Friday, December 24, 2010

The Dance of the Reed Flutes

Happy Christmas Eve to those celebrating the holiday, & a happy Friday to all.  It’s time for our Alice in Wonder Band song of the month; I probably should point out that this is the penultimate song in the series, which will wrap up in January. 

The last Alice in Wonder Band show ever was a Christmas show at the Alpine Playhouse in McCall in December 2004.  At this point, the band had five members: Art Troutner, who played oboe & mandolin; Bob George, who played clarinet, mandolin & guitar; Deadre Chase, the singer; Eberle Umbach, who at this point was playing flute, melodica, glockenspiel, & occasionally throwing in something wild like the lap steel; & yours truly,  playing guitar, baritone uke & plectrum banjo. 

I’m happy to say we went out on a high note: the show was one of our best, & I think a lot of this was thanks to some inspired arranging by Eberle; & among all her good arrangements for the show, none surpassed her distillation of Tchaikovsky’s “Dance of the Reed-Flutes” from The Nutcracker into a piece for a quintet.  In case you’re curious, the original score calls for an orchestra with 18 distinct instruments, as follows:

  • Flutes (4)
  • Oboes (2)
  • English Horn
  • Clarinets (2)
  • Bass Clarinet
  • Bassoons (2)
  • French Horns (4)
  • Trumpet
  • Tenor Trombone
  • Bass Trombone
  • Tuba
  • Timpani
  • Cymbals
  • Violins (two sections of course, which could be up to 32 players)
  • Violas (as many as 12)
  • Cellos (as many as 10)
  • Double Bass (as many as 8)

She managed to pare this down to the following:

  • 1 flute
  • 1 oboe
  • 1 clarinet
  • 1 voice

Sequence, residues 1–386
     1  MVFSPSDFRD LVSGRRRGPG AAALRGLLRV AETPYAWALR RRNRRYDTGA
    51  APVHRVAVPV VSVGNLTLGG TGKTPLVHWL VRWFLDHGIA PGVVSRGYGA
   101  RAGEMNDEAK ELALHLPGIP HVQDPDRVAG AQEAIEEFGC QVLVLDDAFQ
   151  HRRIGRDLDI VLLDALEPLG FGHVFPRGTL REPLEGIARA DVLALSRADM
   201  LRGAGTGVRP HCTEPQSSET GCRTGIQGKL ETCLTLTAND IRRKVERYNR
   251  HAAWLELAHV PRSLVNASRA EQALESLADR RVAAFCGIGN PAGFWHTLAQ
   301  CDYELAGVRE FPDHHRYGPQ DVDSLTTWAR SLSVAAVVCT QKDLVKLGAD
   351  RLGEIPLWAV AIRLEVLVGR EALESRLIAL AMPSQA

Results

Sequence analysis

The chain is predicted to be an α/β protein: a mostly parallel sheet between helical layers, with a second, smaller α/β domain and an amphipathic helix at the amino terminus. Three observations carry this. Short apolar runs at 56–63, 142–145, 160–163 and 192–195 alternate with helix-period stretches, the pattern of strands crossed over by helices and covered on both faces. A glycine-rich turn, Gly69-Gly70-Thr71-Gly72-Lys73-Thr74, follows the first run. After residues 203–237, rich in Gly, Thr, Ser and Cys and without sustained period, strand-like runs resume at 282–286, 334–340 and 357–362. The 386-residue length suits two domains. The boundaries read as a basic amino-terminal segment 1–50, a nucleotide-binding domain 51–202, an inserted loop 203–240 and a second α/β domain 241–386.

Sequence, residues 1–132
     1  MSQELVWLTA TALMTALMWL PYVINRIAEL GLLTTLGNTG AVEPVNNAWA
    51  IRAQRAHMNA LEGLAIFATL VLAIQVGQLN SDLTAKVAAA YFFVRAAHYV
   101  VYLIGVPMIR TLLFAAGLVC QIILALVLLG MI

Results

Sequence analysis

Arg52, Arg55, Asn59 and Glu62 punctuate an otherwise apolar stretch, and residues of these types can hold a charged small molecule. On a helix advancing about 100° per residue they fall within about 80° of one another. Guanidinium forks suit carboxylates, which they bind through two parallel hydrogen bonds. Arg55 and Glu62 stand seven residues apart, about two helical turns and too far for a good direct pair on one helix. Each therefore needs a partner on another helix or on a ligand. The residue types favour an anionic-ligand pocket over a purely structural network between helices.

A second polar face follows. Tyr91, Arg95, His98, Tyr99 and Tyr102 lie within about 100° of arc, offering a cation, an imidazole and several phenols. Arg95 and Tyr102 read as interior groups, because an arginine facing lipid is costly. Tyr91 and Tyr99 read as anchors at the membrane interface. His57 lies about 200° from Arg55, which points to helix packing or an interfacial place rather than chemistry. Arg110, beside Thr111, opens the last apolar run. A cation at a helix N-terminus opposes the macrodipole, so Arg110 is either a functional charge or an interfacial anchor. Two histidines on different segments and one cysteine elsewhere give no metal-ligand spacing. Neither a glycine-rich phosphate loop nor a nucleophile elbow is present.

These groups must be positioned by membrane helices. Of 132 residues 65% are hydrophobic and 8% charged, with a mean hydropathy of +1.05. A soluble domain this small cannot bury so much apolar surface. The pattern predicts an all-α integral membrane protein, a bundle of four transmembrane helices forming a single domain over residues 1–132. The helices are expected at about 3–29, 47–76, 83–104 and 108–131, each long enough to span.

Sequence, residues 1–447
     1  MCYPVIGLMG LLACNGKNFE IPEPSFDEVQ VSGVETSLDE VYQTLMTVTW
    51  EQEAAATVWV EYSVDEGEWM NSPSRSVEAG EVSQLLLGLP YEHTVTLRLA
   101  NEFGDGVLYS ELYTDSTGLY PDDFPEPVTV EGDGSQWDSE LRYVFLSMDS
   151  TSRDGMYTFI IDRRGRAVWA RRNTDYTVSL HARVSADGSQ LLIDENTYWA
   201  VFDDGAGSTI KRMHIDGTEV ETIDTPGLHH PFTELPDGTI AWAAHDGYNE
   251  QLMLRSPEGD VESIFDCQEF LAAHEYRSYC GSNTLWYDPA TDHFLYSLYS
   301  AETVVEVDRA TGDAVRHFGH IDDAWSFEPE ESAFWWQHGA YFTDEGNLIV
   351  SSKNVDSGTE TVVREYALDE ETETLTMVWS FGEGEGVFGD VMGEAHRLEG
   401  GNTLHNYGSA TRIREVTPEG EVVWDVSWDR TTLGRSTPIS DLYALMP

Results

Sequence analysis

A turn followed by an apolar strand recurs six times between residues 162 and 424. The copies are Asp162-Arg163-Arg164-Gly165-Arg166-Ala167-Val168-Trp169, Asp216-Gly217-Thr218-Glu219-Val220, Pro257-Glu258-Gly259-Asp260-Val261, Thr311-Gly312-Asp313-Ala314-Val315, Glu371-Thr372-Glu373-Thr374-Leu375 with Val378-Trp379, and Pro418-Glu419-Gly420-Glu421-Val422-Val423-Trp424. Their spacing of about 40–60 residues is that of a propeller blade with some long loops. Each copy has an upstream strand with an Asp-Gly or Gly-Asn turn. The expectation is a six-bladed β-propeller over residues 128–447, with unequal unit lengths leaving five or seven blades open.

• 1 electric guitar

I don’t recall now exactly how the parts were absorbed—I do know that my guitar part drew heavily from the cello music. 

I hope you enjoy the music—it was a lot of fun to play!—& that you have a joyous holiday season.  Oh, by the way: Robert Frost’s Banjo will be on the air tomorrow with the final installment of the Old-Time Holiday Train series!

Note: All images in the video are in the public domain except the intial photo of the Nutcracker.  This photo, entitled "Nußknacker aus Seiffen," is licensed under Creative Commons Attribution-Share Alike 3.0 Unported by Bernd Reuschenberg
The photo at the top of the post is from the original production of The Nutcracker. Imperial Mariinsky Theatre, St. Petersburg, 1892.


  1. Well, that was certainly an interesting version of an old classic! But I never really heard the guitar in that mix.

    Have a great and
    (knowing you guys) musical holiday!

  2. As always, lovely music. Happy Christmas to you both and thanks for providing me with one of my very favourite blogs. Have a great holiday.

  3. Great music - thank you for that, Merry Christmas!

  4. Hi Roy, Alan & Jhon

    Roy: Thanks--yes, the recorded mix isn't good, & I noticed yesterday the guitar part is pretty well swallowed. You can hear it at the beginning--it's sort of like a bass part in many ways. Merry Christmas to you as well!

    Alan: Thanks so much--I'm glad you like RFBanjo so well--News From Nowehere is also a terrific blog! Happy holidays.

    Jhon: Thanks, & Merry Christmas to you. Willful Resemblances is an interesting site--I'll be back to check it out more thoroughly.

  5. Enjoy your holiday; I hope it's filled with happiness and warmth.

    And it sounds like you guys had a lot of fun with that arrangement. It's pretty cool to have condensed everything to only a handful of instruments.

  6. Hi HKatz: Glad you enjoyed it, & many thanks for the kind holiday wishes!

  7. Very nice, John. Here's wishing you and yours a happy Christmas, from me and mine.


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